his ship, is outweighed by the circumstances and by his acts at the time. The evidence shows that the master and crew were all the time exercising their functions, and were no more relieved of them by the presence of the master of the Charm than if hahad been a pilot,taken on board, in which case the liability of the ship is well settled. The China,7 Wall. 53. It was the duty of the master, as well as of the pilot of the Charm, to observe the statutory regulations made for the avoidance of collision, to straighten down river as soon as practicable, and not, in violation of the statute, to embarrass other vessels, nor run across their bows into evident collision. When the Starbuck made a move plainly leading to sure collision, it was the duty of the master to cut the hawser, and not port hard, as he did, in order to follow the Starbuck. A large steamer like the Niagara, nearly 300 feet long, with her master and crew on board, prosecuting and participating in her navigation for her own benefit and her owners', though in tow of a tug, is bound to take all needful precautions to avoid injury to others. This obligation is wholly independent of the question which is master and which is servant. This rule was recognized and enforced by the supreme court in the case of The Civ'ilta, 103 U. S. 699. Both are bound to be vigilant, and to do all that prudence and skill can do to avoid the destruction of life and property by collision in navigation. Large vessels, by reason of their size, moreover, have practical control, in a large degree, of the tugs attached to them. The Niobe, 13 Prob. Div. 55; The Doris Eckhoff, 32 Fed. Rep. 555. They are rarely without their full complement of ofIicers and crew, who continue their ordinary duties of navigation, as was evidently expeeted and done in this case. In maritime countries generally the tug is in such cases almost universally treated as the servant of the larger ship, which can direct and control her movements; and so :Mr. Justice GittER held in the case of The Creole, 2 Wall. Jr., 485, 512. But, whether this view be adopted here or not, the Niagara seems to me to be jointly answerable for this collision, within the strict line of cases from Stu.?'gis v. Boyer downwards, because her master and crew participated, not only in her navigation, but in the two specific faults that directly brought about the collislOn. Without commenting, therefore, upon the arguments su1Jmitted in regard to what was said in the case of The Doris Eckhoff, 32 Fed. Rep. 555, and without considBring to what extent the principle on which Sturgis v. Boyer was decided, as respects the remedy against the ship in rem, has been modified by subsequent cases in the Sll preme court, or supplemented by many of its justices, including Mr. Justice CLIFFORD himself; to what extent its application to cases like the present would work. injustice by absolving from liability the vessel that inflicts the injury; or to what extent it is incompatible with the general design of the act of 1851, (Rev. St. §§ 4283-4286,) which, since thr,t case was decided, has been developed and expounded by the supreme court as an adoption, in a large 11eral maritime law of Europe, whicb, in the navigation degree, of the g of chartered ships by the owner's consent, though the owner does not stand in the relation of principal, or incur any personal liability, nev-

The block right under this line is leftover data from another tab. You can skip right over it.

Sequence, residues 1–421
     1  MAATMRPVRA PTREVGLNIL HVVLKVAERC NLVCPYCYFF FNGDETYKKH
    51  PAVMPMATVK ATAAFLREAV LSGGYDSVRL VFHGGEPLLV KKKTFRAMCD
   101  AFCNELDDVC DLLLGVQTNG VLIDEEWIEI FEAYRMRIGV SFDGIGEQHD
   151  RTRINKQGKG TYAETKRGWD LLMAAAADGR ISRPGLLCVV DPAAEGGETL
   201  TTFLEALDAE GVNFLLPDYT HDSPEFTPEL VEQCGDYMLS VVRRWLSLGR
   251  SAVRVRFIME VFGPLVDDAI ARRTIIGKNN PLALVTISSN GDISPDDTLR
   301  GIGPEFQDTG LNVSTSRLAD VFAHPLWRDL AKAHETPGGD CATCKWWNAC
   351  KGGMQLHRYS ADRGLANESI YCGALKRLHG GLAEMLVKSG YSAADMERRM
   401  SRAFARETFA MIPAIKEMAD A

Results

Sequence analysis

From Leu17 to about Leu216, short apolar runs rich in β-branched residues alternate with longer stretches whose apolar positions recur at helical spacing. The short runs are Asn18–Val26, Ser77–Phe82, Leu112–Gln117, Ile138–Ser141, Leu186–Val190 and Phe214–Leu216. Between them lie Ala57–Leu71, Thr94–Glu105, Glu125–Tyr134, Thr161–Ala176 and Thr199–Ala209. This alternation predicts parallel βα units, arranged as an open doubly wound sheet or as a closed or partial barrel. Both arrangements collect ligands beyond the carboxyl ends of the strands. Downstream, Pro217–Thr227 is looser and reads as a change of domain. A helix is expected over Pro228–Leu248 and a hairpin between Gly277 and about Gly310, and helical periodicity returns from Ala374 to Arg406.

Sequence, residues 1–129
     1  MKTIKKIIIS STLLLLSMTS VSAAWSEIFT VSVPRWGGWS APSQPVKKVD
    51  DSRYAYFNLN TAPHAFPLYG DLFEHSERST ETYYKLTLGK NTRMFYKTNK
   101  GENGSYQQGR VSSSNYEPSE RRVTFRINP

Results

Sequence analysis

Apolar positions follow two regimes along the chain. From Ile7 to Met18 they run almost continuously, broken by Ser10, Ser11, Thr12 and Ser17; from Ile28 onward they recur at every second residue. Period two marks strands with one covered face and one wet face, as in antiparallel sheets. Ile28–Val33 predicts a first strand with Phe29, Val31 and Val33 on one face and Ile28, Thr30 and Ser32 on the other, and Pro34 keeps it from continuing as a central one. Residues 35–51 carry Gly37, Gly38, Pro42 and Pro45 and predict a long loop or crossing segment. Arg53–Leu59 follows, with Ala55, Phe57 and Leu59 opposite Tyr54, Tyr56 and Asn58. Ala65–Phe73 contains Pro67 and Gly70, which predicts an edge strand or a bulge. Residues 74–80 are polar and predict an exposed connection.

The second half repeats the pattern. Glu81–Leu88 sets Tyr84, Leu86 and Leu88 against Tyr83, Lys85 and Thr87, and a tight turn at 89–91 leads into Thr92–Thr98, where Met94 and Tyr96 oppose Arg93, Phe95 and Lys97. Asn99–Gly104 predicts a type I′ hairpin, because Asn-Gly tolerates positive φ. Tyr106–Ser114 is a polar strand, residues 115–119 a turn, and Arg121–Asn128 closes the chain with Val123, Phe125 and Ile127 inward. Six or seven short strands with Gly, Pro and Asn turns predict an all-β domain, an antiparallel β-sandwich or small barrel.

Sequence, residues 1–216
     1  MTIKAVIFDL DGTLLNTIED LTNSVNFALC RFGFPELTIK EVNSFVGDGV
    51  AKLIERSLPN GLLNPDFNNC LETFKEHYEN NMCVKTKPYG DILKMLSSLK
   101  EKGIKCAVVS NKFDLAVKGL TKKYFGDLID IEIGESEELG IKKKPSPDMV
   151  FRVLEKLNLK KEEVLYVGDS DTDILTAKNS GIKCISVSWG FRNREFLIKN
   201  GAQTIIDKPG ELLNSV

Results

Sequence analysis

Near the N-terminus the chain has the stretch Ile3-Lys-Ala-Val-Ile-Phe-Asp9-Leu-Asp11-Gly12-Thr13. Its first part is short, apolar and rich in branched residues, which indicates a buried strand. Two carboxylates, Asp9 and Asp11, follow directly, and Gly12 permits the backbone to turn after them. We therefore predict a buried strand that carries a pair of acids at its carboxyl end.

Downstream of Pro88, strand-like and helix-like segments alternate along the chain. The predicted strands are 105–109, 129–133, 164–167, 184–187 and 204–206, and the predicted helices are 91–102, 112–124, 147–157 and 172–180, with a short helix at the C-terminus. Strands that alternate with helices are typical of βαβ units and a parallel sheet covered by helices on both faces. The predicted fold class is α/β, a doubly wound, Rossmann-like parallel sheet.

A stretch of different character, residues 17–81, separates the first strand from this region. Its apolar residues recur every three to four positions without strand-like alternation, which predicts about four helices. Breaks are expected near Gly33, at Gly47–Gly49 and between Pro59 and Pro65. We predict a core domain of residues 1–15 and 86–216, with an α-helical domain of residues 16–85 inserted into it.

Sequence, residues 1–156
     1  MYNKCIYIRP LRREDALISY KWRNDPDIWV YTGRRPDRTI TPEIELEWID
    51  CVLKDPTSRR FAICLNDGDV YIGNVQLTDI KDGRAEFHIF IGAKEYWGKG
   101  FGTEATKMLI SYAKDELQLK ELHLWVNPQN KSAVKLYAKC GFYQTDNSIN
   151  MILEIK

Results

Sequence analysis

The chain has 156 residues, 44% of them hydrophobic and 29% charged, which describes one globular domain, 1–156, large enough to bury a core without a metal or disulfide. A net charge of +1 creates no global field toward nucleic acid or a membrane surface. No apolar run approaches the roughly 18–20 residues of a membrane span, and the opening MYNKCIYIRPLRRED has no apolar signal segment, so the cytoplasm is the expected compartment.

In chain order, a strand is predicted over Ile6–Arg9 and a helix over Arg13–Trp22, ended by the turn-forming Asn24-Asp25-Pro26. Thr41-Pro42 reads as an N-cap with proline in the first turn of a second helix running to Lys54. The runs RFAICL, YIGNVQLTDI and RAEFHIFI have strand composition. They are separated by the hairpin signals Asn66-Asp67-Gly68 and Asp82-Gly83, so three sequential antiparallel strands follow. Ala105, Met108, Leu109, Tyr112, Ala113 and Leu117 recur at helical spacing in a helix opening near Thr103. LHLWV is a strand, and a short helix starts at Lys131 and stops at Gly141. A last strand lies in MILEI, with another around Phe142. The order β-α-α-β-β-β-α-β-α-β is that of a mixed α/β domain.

ertheless looks to the ship in case of her faulty navigation as the offend. ing thing, which is at once the source of the wrong, the sponsor for indemnity, and the limit of liability; or to what extent that case is ill principle specially incompatible with the fifth section of the act of1851, (Id. § 4286,) which, as expressly making the ship liable for her navi 6ation for' her whole voyage, independent of the owner's control, might seem to include by implication towage under a tug's control for a small portion of a voyage, at the beginning or end of it, as the greater ineludes the less; or to what extent it is compatible with the principle or policy of any maritime law that an owner hy any form of contract, whether of towage or otherwise, should be allowed to procure the navigation of his vessel to be effected without liability on her part for the injuries she inflicts on innocent third parties by her faulty nl1.vigation, or to substitute the liability of another man's tug of much inferJ0f val ue for the liability of his own vessel for such damages, to the prc::incIlCe of others, thus abolishing, at his mere volition, pro tanto, the generalla w of maritime liens allowed for the security of third persons; and leaving the discussion of these questions to a time when they are necessarily involved,-I apportion the damages between the Niagara and the tugs, and allow judgment for the Express against both the tugs and the Niagara, with costs.